These days, Senator Kamala Harris introduced a bill that would decriminalize cannabis at the federal level. The bill is referred to as Marijuana Chance Reinvestment and Expungement Act. It also appears to expunge harsh cannabis drug sentences and encourage minority-owned companies inside the cannabis business.

Activists and numerous 2020 candidates view the criminalization of cannabis as a civil rights battle. According to an evaluation by the American Civil Liberties Union, arrest records amongst 2001 and 2010 showed blacks are three.73 occasions far more probably than whites to be arrested for cannabis-associated crimes.

Such proposals have been floated in the previous and are supported by lawmakers on each sides of the aisle.

What’s notable about this bill, on the other hand, is that for the initial time the chairman of the Property Judiciary Committee was involved in drafting such a measure.

The bill also states that five% of federal taxes collected from the marijuana business would be applied to develop trust funds aimed at assisting “those most impacted by the ‘War on Drugs,’” tiny marijuana company owned by “socially and economically disadvantaged folks,” and making far more employment possibilities for folks negatively impacted by drug laws.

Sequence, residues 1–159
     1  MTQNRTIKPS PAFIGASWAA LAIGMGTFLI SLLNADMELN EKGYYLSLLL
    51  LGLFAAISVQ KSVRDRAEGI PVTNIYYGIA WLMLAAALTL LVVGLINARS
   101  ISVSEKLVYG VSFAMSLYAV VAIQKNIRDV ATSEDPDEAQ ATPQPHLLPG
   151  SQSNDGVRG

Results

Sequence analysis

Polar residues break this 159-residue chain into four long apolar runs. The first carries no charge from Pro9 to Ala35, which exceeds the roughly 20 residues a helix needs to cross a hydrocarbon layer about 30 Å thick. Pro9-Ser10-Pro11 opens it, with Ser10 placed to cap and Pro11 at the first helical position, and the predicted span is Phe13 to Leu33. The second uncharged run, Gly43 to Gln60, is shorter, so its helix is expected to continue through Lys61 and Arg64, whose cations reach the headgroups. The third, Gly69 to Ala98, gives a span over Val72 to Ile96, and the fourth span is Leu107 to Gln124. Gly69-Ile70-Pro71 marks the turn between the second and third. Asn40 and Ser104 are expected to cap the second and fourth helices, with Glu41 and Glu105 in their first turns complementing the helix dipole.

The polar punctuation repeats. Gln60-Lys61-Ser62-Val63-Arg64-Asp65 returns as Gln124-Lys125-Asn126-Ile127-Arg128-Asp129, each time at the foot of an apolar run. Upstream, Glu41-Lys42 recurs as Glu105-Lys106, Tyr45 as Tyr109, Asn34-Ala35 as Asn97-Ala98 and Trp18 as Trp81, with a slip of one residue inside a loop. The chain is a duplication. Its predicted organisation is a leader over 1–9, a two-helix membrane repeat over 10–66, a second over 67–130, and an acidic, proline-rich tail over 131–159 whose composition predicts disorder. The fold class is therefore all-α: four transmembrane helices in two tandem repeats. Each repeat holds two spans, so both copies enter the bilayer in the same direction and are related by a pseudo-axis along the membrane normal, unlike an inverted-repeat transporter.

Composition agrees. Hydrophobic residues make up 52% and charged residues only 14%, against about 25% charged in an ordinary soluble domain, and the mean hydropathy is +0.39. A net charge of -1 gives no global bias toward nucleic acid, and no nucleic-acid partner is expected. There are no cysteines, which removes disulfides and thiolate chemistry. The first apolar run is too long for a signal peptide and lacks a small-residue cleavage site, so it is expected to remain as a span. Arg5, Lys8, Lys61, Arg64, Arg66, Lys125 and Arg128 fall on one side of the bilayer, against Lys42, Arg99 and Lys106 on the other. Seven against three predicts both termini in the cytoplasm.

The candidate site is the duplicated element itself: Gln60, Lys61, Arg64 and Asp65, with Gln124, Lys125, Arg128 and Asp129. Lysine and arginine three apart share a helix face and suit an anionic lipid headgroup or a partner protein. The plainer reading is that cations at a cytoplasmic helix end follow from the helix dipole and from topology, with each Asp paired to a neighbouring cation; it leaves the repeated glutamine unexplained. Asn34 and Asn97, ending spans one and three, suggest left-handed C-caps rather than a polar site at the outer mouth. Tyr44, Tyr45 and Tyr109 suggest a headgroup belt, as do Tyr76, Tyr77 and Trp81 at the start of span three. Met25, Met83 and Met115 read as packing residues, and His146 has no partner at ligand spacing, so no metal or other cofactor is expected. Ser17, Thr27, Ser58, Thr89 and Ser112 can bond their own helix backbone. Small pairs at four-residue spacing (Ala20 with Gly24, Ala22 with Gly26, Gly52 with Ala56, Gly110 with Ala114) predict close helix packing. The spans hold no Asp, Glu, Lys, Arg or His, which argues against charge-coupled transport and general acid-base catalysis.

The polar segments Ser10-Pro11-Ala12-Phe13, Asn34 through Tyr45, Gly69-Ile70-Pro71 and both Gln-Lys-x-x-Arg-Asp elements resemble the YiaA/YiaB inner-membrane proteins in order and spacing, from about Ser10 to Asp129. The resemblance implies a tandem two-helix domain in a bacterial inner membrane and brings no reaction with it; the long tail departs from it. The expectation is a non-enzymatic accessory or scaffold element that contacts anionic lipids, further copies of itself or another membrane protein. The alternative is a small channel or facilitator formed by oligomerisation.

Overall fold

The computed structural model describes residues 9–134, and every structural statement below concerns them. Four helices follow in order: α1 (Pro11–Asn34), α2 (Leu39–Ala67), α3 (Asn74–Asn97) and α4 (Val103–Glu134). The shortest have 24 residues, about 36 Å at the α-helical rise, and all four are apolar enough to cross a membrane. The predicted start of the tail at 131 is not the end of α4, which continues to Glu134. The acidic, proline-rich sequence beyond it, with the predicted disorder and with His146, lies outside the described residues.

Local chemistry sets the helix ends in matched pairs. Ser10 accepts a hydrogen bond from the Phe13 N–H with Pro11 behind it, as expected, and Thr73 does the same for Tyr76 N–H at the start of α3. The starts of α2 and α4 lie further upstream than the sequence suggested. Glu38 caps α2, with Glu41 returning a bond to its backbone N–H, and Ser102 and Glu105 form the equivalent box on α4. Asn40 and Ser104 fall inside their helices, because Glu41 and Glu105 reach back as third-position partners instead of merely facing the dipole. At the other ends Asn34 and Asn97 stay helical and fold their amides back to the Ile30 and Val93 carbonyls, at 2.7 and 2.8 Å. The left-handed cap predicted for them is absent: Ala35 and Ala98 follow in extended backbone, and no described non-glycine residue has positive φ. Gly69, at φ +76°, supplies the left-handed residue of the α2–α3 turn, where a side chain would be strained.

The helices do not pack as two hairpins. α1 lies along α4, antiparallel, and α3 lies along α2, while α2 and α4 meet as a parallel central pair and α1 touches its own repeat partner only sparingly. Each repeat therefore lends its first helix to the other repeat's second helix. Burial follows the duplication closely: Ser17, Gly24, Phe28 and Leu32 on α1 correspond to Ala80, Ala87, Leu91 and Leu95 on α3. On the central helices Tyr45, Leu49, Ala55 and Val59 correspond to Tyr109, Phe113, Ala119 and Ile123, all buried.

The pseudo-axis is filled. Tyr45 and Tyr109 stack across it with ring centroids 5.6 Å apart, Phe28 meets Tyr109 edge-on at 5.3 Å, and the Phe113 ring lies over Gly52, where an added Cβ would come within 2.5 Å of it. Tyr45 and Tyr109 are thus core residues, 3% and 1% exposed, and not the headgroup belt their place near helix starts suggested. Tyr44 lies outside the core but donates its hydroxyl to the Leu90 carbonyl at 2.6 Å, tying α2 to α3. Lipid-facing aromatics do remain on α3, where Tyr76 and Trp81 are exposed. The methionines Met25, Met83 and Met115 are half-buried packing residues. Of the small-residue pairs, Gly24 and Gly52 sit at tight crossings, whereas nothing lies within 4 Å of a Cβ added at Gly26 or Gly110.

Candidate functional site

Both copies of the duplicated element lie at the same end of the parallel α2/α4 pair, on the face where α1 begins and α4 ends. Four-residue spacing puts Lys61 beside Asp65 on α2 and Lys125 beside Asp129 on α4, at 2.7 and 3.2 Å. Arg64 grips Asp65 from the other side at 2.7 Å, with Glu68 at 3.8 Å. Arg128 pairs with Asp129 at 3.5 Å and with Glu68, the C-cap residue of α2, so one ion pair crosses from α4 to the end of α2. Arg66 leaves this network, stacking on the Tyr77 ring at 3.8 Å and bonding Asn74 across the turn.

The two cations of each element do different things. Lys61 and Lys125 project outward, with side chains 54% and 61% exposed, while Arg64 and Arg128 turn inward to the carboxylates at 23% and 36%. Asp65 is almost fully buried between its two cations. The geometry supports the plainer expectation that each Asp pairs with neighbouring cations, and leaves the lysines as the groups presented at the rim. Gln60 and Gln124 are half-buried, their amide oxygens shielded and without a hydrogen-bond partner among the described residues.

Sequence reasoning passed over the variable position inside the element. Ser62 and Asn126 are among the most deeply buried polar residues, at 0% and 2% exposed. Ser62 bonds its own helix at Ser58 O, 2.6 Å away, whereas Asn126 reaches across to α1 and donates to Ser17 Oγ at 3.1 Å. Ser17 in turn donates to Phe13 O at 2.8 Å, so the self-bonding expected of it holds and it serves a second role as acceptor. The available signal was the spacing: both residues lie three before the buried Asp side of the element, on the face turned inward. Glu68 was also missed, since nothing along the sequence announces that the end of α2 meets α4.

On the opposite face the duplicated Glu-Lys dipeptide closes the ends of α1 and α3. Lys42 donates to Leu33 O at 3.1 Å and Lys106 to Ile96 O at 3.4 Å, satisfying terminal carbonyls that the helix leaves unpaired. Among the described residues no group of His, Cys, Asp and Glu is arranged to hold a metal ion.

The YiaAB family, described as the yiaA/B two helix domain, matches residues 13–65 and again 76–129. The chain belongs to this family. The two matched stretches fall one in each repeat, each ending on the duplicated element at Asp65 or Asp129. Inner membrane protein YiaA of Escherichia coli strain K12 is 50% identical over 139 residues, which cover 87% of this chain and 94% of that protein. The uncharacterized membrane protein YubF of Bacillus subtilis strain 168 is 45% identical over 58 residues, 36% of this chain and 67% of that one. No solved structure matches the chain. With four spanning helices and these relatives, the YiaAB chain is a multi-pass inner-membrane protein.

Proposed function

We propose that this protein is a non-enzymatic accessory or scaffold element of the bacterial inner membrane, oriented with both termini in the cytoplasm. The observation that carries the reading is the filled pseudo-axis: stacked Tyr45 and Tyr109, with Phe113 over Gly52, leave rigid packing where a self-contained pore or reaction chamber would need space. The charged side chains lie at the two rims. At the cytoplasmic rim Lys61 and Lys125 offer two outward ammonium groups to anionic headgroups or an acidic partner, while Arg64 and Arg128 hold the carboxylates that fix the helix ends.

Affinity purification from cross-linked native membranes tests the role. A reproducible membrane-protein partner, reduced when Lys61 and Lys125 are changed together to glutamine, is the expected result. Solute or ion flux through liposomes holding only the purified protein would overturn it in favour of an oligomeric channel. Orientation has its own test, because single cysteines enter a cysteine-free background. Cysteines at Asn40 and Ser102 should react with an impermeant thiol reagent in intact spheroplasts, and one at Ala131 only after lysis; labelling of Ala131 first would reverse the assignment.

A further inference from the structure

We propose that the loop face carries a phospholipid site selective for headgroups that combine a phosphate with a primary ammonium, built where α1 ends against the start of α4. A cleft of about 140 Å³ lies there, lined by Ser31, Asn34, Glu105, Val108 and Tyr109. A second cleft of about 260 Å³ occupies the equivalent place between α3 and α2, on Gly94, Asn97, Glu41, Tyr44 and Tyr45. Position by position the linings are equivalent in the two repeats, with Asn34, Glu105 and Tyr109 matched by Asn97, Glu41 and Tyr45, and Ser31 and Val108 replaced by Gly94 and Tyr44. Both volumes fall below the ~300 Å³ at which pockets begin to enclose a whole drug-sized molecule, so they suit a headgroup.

The bill would also demand “the Bureau of Labor Statistics to gather information on the demographics of the business to assure folks of colour and these who are economically disadvantaged are participating in the business.”

Harris had previously voiced her help for marijuana legalization throughout an interview with “The Breakfast Club,” a well known syndicated radio show that has hosted quite a few presidential candidates this year. Throughout that interview, she also admitted to smoking marijuana in college.

“Listen, I consider that it offers a lot of folks joy,” Harris stated on the plan, “and we need to have far more joy in the globe.”

Harris is also a co-sponsor of Sen. Cory Brooker’s Marijuana Justice Act of 2019, which also calls for the decriminalization of recreational cannabis and investments into the communities disproportionately impacted by the War on Drugs.

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